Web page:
Rector’s Letter, October 2023

I am still on the theme of newspaper headlines. Today’s is from The Daily Telegraph of 5th September this year: “Britons have given up on the Church – we’d rather worship ourselves”.  The second half of that might seem slightly harsh, yet so much of the focus in social media and the obsession with selfies, might suggest there is some truth here.

The Christian faith resolutely challenges us to look outside ourselves and focus on the needs of others. It is an effort and most of us struggle with it – the old school report could apply to most of us – certainly to me – “could do better”.  But I suspect the most important thing here is that we know what should be our direction of travel – trying to live with others as the priority. The direction we are trying to travel is important – because it sets our priorities, aims and goals, our awareness that we don’t sometimes manage it, and a way we judge our achievements.

So, a society where self is allowed to be first will end up with different individual goals, reflection and achievement than one where people are trying to put others first. I suspect this difference is behind a qualitative change not just in relation to what is happening to the church but to many groups trying to build up community.

There is a danger, of course, in what I am arguing for here: by putting others first, there is the possibility that we ignore our own needs or even allow ourselves to be hurt by others – and in the mix low self-esteem can become a reality, which can lead to a lot of grief.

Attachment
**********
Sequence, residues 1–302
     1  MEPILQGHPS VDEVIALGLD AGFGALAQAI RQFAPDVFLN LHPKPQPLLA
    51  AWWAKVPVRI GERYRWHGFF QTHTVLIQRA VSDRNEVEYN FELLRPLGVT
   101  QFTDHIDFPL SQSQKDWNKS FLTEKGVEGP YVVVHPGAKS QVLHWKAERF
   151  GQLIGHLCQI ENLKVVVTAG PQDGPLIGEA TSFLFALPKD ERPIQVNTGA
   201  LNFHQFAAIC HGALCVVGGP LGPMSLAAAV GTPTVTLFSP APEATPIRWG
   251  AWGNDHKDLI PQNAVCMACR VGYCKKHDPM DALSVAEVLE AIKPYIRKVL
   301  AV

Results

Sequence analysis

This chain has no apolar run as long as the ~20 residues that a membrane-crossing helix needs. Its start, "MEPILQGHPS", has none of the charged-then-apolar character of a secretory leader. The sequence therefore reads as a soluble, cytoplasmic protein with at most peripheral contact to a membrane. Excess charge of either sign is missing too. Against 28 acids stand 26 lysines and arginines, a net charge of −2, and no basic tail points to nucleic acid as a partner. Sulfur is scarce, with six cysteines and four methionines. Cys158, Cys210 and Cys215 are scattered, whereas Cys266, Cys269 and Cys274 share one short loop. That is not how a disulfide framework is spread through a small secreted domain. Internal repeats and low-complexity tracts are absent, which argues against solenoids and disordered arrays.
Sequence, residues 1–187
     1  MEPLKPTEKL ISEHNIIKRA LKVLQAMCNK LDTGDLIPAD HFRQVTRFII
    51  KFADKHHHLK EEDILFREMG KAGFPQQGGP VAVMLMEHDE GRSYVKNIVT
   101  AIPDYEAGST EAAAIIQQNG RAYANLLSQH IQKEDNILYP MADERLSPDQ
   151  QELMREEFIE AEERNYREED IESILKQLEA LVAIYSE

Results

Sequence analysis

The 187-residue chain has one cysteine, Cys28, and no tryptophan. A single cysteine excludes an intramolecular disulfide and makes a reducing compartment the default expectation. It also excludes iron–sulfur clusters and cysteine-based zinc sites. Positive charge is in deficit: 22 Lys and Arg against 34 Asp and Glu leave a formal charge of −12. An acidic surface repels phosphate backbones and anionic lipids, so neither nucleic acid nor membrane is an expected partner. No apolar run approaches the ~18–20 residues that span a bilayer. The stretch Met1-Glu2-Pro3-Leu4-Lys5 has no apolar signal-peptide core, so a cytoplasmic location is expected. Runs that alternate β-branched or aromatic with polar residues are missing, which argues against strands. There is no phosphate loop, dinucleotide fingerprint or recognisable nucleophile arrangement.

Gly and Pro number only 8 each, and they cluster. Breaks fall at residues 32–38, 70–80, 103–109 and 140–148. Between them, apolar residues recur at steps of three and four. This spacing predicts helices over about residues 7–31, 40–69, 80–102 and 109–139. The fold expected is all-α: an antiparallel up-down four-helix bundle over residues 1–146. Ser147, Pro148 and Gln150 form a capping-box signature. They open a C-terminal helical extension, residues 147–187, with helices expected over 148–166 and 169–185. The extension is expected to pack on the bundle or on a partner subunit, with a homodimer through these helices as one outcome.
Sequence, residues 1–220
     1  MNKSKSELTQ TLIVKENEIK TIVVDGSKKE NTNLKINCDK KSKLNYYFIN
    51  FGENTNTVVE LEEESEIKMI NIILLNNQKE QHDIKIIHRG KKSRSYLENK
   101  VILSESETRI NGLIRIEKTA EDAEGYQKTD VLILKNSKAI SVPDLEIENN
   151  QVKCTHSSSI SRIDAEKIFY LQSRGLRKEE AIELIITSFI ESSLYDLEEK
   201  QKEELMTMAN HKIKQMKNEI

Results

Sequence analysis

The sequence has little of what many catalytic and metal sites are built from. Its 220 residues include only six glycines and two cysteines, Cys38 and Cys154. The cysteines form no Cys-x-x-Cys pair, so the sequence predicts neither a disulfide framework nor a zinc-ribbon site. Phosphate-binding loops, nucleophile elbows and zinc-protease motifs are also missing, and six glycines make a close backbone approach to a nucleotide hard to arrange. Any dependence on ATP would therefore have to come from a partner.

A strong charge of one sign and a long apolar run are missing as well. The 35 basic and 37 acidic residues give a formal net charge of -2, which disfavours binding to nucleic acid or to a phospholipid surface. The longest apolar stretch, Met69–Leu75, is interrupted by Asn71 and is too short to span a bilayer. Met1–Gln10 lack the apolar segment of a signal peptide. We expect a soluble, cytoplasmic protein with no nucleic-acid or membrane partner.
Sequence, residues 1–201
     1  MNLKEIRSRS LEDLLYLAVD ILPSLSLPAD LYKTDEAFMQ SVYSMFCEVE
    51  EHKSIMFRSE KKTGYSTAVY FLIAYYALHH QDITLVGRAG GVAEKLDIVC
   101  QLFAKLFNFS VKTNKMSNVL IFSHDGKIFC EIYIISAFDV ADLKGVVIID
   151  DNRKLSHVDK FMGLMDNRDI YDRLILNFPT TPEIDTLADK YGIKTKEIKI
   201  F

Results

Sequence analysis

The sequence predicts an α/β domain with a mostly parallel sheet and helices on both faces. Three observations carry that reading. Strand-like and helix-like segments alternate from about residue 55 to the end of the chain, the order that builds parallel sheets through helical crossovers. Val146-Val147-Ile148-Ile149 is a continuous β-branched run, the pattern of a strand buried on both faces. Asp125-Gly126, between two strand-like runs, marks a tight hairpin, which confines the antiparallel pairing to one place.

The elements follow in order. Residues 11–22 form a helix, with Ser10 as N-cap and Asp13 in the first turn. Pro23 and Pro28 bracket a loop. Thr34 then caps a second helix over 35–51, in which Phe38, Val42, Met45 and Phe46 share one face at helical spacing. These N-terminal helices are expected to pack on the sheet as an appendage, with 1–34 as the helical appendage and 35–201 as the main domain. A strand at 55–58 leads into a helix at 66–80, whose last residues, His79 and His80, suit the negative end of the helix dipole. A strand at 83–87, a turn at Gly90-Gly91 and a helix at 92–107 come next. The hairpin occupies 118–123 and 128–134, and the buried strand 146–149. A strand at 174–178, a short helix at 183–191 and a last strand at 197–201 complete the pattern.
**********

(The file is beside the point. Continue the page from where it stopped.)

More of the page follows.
But here, as well, I find the Christian faith to be helpful. Nowhere does the bible say I should have low self-esteem: firstly every individual is of worth and value to God, (which is why the Judeo-Christian tradition is the foundation stone of western human rights understanding); and secondly, yes, I am called to love my neighbour –  but, “as myself”.  That is the starting point and is the context to having the confidence to reflect and admit that I do get that calling to love my neighbour wrong, whilst knowing I am loved and forgiven and freed to try and do better.

As I keep trying to say to people, the Christian faith is not about believing a million and one strange facts before breakfast, but actually gives a real experiential way of trying to live a full and rewarding life.

The final bit of this jigsaw is I believe God’s love can help me in my daily attempts – not in a magic way, one prayer and suddenly I’ve been promoted to sainthood; but as a life belief and challenge that we can grow into being more loving people.

One of the lovely things for me is opening Slindon Parish church every morning. The stillness is beautiful. I don’t stay long, but after opening and before leaving and thinking for a moment of what’s planned in the day ahead, I always say one of the short collects, (special prayers for the day), slightly amended:

I thank you God for bringing me safely to the beginning of this day. Defend me in it and grant that this day I fall into no sin or run into any kind of danger, but that all my doings may be ordered by your loving kindness and that I might do what is right in your eyes. Amen

I can think of worse starts to the day.


1662 Holy Communion @ St Mary's Slindon
Jun 26 @ 10:30 am – 11:30 am
United Benefice Communion @ St Margaret's Eartham
Jun 30 @ 10:00 am – 11:30 am
Holy Communion @ St Margaret's Eartham
Jul 7 @ 9:30 am – 10:30 am
Matins @ St Mary's Slindon
Jul 7 @ 11:00 am – 12:30 pm
Holy Communion @ St Mary Magdalene Madehurst
Jul 14 @ 10:00 am – 11:00 am